Malcolm is moving to Texas to work for CDW, a provider of technology products and services for business, government and education. He plans to be a sales engineer. Malcolm said most of his fellow students who began the program in high school landed great paying jobs right after graduating. A few of them were even hired before graduation.

“Tulsa Tech has amazing programs and I would implore anyone interested, especially those in high school, to get a head start on your career.”

Malcolm Smith

CareerTech Champions

Each year, thousands of Oklahomans reap the benefits provided by Career and Technology Education. CareerTech Champions tell the story of how individuals apply learning to become successful employees, entrepreneurs and leaders in business organizations.

Emma Hutchison – DECA

Hutchison

Emma Hutchison – DECA

Former DECA officer plans to take her leadership skills into the courtroom.

THEN: A class dedicated to topics like sports marketing and fashion marketing sounded exciting to the Putnam City North High School student. Emma Hutchison had also heard great things about the DECA advisers at her high school and the strong reputation of their marketing program.

Emma got involved in DECA and later was chosen to serve as Oklahoma DECA president. She said the CareerTech student organization gave her

  • Public speaking skills, which she uses almost daily, both in law classes and advocacy competitions.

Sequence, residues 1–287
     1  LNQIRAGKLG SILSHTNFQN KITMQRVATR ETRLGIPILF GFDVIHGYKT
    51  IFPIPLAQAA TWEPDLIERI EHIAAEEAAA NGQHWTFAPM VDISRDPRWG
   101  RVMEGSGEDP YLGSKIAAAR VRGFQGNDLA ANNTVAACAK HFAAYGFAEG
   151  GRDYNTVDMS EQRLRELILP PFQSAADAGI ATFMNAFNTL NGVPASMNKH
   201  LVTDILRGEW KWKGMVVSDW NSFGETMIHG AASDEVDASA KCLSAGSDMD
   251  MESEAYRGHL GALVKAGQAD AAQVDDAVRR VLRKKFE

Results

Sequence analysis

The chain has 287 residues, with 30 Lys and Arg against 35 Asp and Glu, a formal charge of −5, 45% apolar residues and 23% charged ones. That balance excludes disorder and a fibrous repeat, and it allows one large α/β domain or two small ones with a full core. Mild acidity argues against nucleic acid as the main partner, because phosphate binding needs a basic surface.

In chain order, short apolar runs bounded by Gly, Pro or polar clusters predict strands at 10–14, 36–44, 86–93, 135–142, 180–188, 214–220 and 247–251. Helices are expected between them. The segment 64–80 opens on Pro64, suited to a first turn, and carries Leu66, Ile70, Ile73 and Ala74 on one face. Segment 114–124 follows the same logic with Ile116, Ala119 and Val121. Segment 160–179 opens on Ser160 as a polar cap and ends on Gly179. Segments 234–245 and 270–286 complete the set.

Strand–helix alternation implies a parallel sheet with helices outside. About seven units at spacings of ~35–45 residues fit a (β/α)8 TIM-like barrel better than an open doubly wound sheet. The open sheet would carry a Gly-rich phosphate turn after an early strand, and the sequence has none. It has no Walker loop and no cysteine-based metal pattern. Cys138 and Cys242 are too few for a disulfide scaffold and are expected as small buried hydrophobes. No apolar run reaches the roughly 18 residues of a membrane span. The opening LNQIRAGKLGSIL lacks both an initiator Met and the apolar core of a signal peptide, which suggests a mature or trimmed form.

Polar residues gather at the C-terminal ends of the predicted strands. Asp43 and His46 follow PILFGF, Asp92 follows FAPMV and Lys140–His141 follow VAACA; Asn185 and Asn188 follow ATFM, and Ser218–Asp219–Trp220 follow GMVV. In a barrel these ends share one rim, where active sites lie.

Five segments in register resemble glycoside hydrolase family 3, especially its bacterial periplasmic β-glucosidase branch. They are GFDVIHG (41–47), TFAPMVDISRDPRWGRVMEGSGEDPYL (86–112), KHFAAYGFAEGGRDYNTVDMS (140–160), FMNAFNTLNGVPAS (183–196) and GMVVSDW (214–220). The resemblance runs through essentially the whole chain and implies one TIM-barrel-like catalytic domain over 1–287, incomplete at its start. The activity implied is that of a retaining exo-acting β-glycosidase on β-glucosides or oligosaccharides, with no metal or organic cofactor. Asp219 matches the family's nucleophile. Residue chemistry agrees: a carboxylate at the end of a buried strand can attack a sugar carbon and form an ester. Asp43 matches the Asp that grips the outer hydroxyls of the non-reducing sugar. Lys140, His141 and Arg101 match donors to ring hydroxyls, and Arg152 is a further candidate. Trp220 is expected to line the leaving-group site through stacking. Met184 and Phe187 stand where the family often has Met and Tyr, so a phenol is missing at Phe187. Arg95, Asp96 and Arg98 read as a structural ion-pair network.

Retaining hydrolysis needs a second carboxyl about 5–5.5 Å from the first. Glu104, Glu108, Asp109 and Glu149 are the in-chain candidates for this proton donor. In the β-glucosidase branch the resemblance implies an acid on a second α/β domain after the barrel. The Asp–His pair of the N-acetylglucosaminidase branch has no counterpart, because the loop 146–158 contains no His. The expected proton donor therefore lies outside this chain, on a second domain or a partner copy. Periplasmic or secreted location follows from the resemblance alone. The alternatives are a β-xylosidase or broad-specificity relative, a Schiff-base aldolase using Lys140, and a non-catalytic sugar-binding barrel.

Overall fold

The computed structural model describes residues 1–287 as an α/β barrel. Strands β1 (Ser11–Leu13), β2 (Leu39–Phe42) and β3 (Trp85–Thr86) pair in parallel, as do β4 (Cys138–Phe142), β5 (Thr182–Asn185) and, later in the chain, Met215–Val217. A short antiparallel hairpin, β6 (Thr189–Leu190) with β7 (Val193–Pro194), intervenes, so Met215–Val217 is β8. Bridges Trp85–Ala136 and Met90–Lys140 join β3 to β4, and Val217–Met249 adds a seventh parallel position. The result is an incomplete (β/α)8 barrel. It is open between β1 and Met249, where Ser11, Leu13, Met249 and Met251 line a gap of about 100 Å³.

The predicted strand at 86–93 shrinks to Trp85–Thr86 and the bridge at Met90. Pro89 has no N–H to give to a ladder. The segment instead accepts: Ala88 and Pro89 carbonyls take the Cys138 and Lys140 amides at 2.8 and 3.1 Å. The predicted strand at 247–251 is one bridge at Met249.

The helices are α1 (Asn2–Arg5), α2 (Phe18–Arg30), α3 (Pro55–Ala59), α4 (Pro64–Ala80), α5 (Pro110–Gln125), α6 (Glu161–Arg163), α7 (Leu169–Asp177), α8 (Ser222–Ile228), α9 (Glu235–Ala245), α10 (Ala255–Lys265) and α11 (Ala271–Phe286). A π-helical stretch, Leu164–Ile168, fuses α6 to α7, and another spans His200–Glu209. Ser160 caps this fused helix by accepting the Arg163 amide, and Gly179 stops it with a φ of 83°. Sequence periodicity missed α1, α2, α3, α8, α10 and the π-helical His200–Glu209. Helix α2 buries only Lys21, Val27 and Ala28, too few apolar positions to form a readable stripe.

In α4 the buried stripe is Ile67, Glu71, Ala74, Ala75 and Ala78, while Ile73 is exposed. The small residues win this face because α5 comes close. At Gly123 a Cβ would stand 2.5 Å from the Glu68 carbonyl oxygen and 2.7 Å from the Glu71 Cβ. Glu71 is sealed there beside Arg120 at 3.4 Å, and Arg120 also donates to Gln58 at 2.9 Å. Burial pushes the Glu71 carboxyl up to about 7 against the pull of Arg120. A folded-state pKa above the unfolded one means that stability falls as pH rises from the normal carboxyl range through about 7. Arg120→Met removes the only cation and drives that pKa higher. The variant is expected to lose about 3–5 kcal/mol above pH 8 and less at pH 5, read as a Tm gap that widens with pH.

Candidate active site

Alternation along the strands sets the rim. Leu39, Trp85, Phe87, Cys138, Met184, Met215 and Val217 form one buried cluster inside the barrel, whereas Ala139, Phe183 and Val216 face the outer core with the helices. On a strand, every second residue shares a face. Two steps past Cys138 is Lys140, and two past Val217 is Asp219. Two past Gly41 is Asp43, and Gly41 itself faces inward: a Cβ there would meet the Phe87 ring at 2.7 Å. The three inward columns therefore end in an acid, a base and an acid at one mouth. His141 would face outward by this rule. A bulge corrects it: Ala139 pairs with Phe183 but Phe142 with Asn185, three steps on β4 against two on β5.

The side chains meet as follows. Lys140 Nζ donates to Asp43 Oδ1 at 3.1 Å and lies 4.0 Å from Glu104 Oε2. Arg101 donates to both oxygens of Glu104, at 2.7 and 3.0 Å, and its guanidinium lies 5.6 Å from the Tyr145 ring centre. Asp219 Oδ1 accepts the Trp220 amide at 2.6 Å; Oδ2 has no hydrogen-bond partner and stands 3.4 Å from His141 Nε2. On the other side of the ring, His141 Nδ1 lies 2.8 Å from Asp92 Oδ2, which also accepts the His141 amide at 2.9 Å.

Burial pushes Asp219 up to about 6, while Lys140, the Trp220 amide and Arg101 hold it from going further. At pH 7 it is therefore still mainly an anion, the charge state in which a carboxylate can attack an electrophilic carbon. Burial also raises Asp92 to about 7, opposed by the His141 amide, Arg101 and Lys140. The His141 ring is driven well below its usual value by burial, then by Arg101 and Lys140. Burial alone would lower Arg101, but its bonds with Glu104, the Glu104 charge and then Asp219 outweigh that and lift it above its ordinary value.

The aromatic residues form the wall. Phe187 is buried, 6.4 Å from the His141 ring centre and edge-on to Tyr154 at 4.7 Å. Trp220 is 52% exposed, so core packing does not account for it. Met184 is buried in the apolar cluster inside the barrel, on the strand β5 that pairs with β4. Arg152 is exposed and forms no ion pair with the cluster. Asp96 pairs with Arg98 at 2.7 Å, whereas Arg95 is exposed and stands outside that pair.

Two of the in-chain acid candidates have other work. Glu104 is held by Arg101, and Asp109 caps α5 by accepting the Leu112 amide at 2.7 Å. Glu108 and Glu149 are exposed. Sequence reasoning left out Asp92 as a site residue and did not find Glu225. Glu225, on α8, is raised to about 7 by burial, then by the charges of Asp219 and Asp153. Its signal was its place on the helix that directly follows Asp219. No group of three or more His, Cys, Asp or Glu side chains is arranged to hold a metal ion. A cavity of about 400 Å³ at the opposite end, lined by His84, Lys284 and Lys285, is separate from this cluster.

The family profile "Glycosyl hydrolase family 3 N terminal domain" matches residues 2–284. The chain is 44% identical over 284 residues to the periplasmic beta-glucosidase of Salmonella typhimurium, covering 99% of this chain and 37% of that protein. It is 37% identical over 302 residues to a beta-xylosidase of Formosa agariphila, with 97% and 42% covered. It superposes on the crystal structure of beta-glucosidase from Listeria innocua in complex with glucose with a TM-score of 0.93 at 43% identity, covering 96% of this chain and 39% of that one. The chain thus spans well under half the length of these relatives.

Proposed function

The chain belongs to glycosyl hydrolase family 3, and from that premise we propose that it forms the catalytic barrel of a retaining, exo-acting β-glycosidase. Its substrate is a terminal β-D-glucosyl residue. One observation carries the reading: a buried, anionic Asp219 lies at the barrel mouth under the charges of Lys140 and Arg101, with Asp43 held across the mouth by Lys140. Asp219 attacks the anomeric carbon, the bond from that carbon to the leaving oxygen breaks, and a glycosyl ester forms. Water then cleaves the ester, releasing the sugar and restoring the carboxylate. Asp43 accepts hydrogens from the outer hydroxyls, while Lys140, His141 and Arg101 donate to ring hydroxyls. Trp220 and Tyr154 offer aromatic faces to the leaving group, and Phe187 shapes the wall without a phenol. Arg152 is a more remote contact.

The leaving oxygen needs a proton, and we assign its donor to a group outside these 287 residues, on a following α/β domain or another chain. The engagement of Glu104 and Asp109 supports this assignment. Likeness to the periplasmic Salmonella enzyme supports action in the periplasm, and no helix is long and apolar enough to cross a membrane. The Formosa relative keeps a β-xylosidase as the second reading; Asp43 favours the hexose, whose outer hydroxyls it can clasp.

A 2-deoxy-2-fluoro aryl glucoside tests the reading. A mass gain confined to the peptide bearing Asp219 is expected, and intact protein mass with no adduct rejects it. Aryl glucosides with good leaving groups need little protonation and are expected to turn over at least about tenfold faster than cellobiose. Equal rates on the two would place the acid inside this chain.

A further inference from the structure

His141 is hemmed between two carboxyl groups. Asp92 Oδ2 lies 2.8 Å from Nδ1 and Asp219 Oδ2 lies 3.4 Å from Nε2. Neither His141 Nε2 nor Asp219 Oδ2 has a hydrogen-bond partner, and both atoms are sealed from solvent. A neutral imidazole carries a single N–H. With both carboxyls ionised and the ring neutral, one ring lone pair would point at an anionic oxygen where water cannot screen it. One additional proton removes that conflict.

• Leadership skills.
  • An opportunity to travel and meet DECA members from around the world.
  • Confidence about her future.

“I am more confident talking to professors or interviewing for positions because of my experience addressing the Oklahoma DECA membership and staff,” she said.

Emma said CareerTech is unique in that students are learning material in class and applying it outside of the classroom at competitions and other activities.

NOW: A college graduate with a B.A. in political science from the University of Oklahoma. She is a law student at George Washington University Law School and plans to practice law in the D.C. area after graduation. Her resume since high school includes serving as an intern for the American Civil Liberties Union of Oklahoma, an Appropriations Committee intern for the Oklahoma Senate, a legislative intern for the U.S. Senate and a law clerk for the National Association of Attorneys General.

“I would advise young people to take advantage of opportunities early in high school and college to get hands-on experience and gain skills you can use to make yourself stand out as a candidate,” she said.

“Employers should value CareerTech students because they are driven, passionate and skills students who will become valuable employees.”

Emma Hutchison, law student

CAREERTECH CHAMPIONS

Each year, thousands of Oklahomans reap the benefits provided by Career and Technology Education. CareerTech Champions tell the story of how individuals apply learning to become successful employees, entrepreneurs and leaders in business organizations.

Adam Lettkeman – Meridian Technology Center

From homeschool to higher ed, pre-engineering grad is building a future for himself.

Lettkeman

Adam Lettkeman – Meridian Technology Center

THEN: A boy who loved creating crazy buildings and dragons and spaceships from a pile of Legos. Adam Lettkeman grew up with 10 brothers and sisters. His parents homeschooled him until he was old enough to find a formal outlet for his love of building things, along with his passion for graphic design. He enrolled in Meridian Technology Center’s pre-engineering academy and Project Lead The Way in hopes of channeling his interests into a career path.